Degree of Difficulty

We’ve been talking lately about how hard numbers are. Not to use them, but just to decide what they even mean.

Let’s shift for a moment to grades and the GPA. Grades have enormous communicative power, even though they mean almost nothing. They are symbols without significance.

Let’s take a single course, say Calculus 1. What does a B+ mean? Does it mean that a student got more than 83% but less than 87% of the homework and test questions correct over the course of the semester? (And does that calculation include partial credit for operations correctly done but with a trivial error somewhere? And do some questions have more points than others?) Or does it mean that the student was at the vaguely-better-than-average-but-not-at-the-top-of-this-semester’s-group level? Or does it mean we don’t hold out a lot of hope for you as a potential math major, but we aren’t quite ready to turn you away, so go ahead and try Calc 2? It’s quite likely that different faculty in the same department would calculate that grade a little differently, based on their interests and values—it could be a bookkeeping score, or a competitiveness score, or a communicative score.

Now let’s take two courses, Calculus 1 and Introduction to Racquetball. Does the same grade of B+ mean the same thing in both courses? They both weigh the same, 3.33 units…

Now let’s look at two different schools. I taught one online master’s course with ten students, three of whom at the end got what I considered to be reasonably justified grades of A or A–. But the work of those very best students—second-year master’s students, remember—at one school would have gotten them a B or B– in my first-year undergraduate writing courses at Duke.

The remarkable precision of the GPA, with all of its attendant stress, with its precise cutoffs for adequate or exemplary performance, is a ruse. It’s a nicely decorated cover for a complete conceptual shambles.

We can mess around with it, calculating “weighted GPAs” that offer more points for honors or AP courses, but that just shifts the artifice to a new location. How much harder is an honors class than a regular class? 18.4% harder? Should Organic Chemistry get an extra 24.91% grade boost over the far simpler Intro Chemistry in the same major sequence? If I transfer, should my A in my community college writing course be converted to a B on my University of California transcript?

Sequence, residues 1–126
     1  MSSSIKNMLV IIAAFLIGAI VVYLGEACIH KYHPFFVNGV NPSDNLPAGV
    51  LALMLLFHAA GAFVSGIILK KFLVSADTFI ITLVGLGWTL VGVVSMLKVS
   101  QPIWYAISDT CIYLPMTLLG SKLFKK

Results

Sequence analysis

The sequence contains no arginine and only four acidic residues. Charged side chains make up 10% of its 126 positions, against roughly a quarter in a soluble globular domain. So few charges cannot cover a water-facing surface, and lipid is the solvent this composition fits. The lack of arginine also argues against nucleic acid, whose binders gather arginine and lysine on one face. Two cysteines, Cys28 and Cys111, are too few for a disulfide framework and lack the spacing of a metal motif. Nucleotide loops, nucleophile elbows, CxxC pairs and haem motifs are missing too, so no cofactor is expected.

Here’s the fact. When someone reads your college GPA, their thought process will look like this:

Hmm… degree from Smith College. Good school. Majored in economics, tough major. 3.34, pretty good student. We’ll call her in.

Or like this:

Degree from Wilton and Madison College? Never heard of it. Majored in business, GPA 2.81… naahh…

Or like this:

Degree from Michigan in philosophy? Wow, great program! But only a 3.15 GPA… Maybe he’s okay…

What we mean by a grade is this: within a specific context, this student was judged by a specific person to have been:

  • outstanding
  • strong
  • okay
  • disappointing
  • awful

It hardly seems warranted to average those across experiences, much less to imagine two places beyond the decimal. It’s a false precision that feels reassuring, like a stuffed bunny that can’t actually speak. Do I know my GPAs from college and from grad school? You bet I do. They have talismanic force to protect me in the face of a hostile world, an external validation that suffices, once in a while, in the absence of internal validation. Yes, you really were that good, they murmur, if only to me…